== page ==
Bill Gross, Jeffrey Gundlach and Dan Fuss, whose firms collectively oversee about $1.5 trillion, expect the Federal Reserve to conduct a third round of bond purchases as signs of strength in the U.S. economy fade and Europe's sovereign-debt crisis returns.
The managers at Pacific Investment Management Co. and DoubleLine Capital LP favor mortgage debt, while Loomis Sayles & Co. purchases corporate bonds. Speculation that the Fed will buy home-loan debt with quantitative easing has led 2012 returns on government-backed mortgage bonds to exceed Treasuries by 0.96 percentage points, Barclays PLC index data show.
Fed Chairman Ben S. Bernanke, Vice Chairman Janet Yellen and New York Fed President William C. Dudley signaled further easing may be needed if growth lags projections, with headwinds ranging from the end of tax breaks to $1 trillion of mandatory federal budget cuts to $100-a-barrel oil eating into consumer spending. The Standard & Poor's 500 has fallen as much as 4.8% from an almost four-year high on April 2.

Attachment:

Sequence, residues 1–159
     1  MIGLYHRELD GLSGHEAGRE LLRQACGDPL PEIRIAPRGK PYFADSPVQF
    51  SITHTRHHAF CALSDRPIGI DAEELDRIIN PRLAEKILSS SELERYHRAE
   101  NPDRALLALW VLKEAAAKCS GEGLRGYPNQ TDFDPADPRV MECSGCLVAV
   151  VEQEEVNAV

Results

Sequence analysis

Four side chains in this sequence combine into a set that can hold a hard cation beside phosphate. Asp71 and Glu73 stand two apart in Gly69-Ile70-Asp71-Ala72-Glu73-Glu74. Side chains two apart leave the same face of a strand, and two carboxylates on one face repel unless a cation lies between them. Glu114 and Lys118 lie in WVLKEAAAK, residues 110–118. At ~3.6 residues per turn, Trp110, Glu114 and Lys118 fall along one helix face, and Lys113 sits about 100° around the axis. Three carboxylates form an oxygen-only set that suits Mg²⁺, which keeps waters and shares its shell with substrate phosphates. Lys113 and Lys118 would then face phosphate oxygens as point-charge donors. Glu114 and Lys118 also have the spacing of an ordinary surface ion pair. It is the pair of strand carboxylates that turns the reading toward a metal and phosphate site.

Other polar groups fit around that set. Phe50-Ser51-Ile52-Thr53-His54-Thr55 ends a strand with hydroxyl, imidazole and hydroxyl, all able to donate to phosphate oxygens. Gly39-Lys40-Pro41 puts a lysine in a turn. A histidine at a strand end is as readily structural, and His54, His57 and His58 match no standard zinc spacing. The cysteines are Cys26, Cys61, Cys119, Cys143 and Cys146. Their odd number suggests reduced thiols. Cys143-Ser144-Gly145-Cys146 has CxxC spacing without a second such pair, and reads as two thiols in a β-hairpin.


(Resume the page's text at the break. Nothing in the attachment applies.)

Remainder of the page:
“Should the stock market keep going down, it will be a portent of weaker economic data,” said Mr. Gundlach, whose $22.8 billion DoubleLine Total Return Bond Fund outperformed 99% of peers last year. “It will happen and when it does you will start to hear about more support programs.”
While gross domestic product grew at a 3% pace in the last three months of 2011, it will slow to 2.3% this year, according to the median estimate of 90 economists surveyed by Bloomberg.
Mr. Gross, the manager of the world's biggest bond fund, boosted holdings of mortgages last month to the most in almost three years. Mr. Fuss, a member of the Fixed Income Analysts Society Hall of Fame, said this week that the Fed may stick with quantitative easing until after the presidential election or the unemployment rate falls to about 6% from its current 8.2%.
Elsewhere in credit markets, Deutsche Bank AG, Barclays and Credit Suisse Group AG are among banks preparing bids for a $7.49 billion mass of real estate debt that the Federal Reserve Bank of New York assumed in 2008. The U.S. commercial paper market contracted to the lowest level in more than a month. Emdeon Inc., which Blackstone Group LP acquired last year, is seeking to set the rate on a $1.22 billion term loan repricing.